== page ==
Well Child Care at 2 Weeks
Your baby is growing! At this age, a baby only needs breast milk or infant formula. Breast-fed babies should usually feed about 10 minutes at each breast during each feeding. Breast-fed babies may want to nurse as often as every 2 hours. Most babies take 2 to 3 ounces of formula every 2 to 3 hours now. Babies usually wake up at night to feed. This is normal. If your baby wants to feed more often, try a pacifier. Your baby may need to suck but not feed. It is important to hold your baby during feeding. This is a good time to talk to your baby. Hold the bottle and do not prop it up.
Mixing formula: If you get powdered formula, mix 2 ounces of water per 1 scoop of formula. If you use concentrated liquid formula, always mix 1 can of formula with 1 can of tap water. Keep the mixture in the refrigerator.
Babies are learning to use their eyes and ears. Smiling faces and gentle, pleasant voices are interesting for babies at this age.
Having a new baby is a major life change. Many mothers find that the baby brings a lot of new work. Help from fathers, friends, and relatives is often very important at this time. A few mothers get the blues or even depression after a baby is born. This may be caused by hormonal changes or your situation. Be sure to tell someone if you are feeling this way. Ask your baby’s healthcare provider for help.
Babies usually sleep 16 or more hours a day. Healthy babies should be placed in bed on their backs. Sleeping on the back reduces the risk of sudden infant death syndrome (SIDS).
Most babies will strain to pass bowel movements. As long as the bowel movement is soft, there is no need to worry. Ask your doctor about bowel movements that are hard (constipation). Babies usually wet the diaper at least 6 times each day.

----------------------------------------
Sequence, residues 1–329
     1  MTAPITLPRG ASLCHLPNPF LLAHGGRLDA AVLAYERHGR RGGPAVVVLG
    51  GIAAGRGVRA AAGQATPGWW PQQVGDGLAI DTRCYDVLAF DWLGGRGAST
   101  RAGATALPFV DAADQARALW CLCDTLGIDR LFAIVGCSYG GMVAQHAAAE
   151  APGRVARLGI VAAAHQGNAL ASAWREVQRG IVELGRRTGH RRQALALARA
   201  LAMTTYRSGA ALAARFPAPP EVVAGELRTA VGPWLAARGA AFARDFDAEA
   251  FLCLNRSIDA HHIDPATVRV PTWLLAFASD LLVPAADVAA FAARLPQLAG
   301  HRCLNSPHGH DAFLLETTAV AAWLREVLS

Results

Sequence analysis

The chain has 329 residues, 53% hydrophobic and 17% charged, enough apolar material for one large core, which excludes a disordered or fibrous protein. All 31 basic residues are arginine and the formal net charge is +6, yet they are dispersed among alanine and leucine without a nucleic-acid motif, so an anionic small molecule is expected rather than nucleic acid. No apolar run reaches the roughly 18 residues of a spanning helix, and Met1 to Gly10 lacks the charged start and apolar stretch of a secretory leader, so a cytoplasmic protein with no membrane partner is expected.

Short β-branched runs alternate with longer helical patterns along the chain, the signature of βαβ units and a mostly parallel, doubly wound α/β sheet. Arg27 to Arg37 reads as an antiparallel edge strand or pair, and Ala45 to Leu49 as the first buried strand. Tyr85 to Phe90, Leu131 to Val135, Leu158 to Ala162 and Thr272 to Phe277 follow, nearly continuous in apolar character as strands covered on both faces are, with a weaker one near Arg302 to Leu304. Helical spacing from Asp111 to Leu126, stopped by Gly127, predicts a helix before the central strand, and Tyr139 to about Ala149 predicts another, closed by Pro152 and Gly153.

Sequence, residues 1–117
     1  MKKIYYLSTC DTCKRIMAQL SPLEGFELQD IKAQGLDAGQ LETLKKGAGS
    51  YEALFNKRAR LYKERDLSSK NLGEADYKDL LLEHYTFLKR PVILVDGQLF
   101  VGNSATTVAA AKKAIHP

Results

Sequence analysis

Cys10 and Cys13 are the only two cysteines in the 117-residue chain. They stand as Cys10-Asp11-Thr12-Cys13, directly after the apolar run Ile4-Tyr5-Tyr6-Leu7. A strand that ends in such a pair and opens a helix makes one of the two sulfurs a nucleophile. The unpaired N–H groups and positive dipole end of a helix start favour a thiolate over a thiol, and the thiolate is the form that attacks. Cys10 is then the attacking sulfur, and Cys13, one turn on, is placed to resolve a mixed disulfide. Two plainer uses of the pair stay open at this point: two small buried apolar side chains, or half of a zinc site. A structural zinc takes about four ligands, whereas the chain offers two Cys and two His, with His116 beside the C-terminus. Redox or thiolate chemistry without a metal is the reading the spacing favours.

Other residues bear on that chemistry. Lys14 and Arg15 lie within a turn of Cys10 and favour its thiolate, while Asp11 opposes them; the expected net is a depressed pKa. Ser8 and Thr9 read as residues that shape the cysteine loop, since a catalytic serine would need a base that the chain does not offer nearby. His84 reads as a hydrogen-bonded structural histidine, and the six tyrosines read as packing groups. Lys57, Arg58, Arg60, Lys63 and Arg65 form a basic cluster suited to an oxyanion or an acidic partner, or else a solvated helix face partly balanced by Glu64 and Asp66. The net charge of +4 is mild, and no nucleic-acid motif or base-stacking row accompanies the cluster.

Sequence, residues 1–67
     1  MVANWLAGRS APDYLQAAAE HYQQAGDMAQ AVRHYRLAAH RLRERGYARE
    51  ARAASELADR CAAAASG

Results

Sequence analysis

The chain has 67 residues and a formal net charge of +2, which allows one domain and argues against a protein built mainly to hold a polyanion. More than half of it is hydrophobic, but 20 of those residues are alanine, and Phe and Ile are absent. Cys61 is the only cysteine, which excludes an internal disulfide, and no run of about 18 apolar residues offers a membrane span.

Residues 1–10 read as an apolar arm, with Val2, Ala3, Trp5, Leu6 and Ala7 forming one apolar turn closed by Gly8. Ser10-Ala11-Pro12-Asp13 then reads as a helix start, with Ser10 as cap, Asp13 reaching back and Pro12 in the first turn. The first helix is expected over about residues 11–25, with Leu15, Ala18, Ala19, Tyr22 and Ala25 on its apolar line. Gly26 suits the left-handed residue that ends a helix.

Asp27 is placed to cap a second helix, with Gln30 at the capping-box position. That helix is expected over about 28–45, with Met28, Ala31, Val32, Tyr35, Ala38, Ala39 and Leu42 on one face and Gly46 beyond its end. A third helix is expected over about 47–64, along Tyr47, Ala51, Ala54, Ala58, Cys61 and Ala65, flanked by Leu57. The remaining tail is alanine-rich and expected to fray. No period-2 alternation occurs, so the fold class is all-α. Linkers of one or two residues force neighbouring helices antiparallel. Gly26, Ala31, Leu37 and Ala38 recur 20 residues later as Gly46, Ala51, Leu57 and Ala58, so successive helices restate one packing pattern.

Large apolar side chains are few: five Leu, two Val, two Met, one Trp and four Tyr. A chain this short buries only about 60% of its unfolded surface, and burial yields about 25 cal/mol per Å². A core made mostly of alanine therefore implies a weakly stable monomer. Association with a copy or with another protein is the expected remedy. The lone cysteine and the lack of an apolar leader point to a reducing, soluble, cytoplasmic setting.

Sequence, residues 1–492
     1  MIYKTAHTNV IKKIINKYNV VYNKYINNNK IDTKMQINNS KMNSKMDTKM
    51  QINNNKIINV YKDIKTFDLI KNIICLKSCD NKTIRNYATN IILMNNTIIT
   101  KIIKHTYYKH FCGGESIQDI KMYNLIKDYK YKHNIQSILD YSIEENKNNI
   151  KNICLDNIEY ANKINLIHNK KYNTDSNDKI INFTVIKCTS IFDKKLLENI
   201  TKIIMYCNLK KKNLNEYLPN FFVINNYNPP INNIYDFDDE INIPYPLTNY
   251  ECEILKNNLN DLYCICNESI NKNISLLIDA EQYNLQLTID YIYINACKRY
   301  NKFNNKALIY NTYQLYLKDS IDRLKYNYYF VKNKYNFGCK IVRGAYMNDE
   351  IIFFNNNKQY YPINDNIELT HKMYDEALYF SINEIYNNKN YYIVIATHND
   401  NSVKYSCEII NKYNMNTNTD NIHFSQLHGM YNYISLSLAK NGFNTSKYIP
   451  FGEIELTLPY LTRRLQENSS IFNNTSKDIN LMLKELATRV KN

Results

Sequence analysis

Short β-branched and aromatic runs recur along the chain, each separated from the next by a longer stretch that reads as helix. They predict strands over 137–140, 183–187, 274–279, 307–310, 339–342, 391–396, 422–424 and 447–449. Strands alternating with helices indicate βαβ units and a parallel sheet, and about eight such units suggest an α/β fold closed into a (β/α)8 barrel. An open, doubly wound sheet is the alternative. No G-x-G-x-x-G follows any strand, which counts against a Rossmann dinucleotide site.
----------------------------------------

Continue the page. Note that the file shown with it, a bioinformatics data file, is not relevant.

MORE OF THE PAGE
Choking and Suffocation
- If you use a crib for your baby, be sure to pick a safe location. It should not be too near a heater. Make sure the sides are always completely up. Use a crib with slats not more than 2 and 3/8 inches apart. Crib slats more than 2 and 3/8 inches apart can lead to injury.
- Place your baby in bed on his back.
- Never leave the baby alone except in a crib.
- Keep mesh netting of playpens in the upright position.
- Car seats are the safest way for babies to travel in cars and are required by law. Place Infant car seats in a back seat with the infant facing backwards. If you aren't sure how to install the seat in your car, contact a local fire department.
- Never leave your baby alone in a car or unsupervised with young brothers, sisters, or pets.
- Infants who live in a house where someone smokes have more respiratory infections. Their symptoms are also more severe and last longer than those of children who live in a smoke-free home.
- If you smoke, set a quit date and stop. Set a good example for your child. If you cannot quit, do NOT smoke in the house or near children.
Immunizations protect your child against several serious, life-threatening diseases. Shortly after birth, your child should have a hepatitis B shot.
Call your child's healthcare provider if:
- Your baby develops a fever.
- Your child is very irritable and you cannot calm him.
Your baby's next appointment will usually be at the age of 2 months. At this time your child will get a set of immunizations. Bring your child's shot card to all visits.
Written by Robert Brayden, MD, Professor of Pediatrics, University of Colorado School of Medicine.
Published by RelayHealth.
Last modified: 2009-12-10
Last reviewed: 2009-09-21
This content is reviewed periodically and is subject to change as new health information becomes
available. The information is intended to inform and educate and is not a replacement for medical
evaluation, advice, diagnosis or treatment by a health care professional.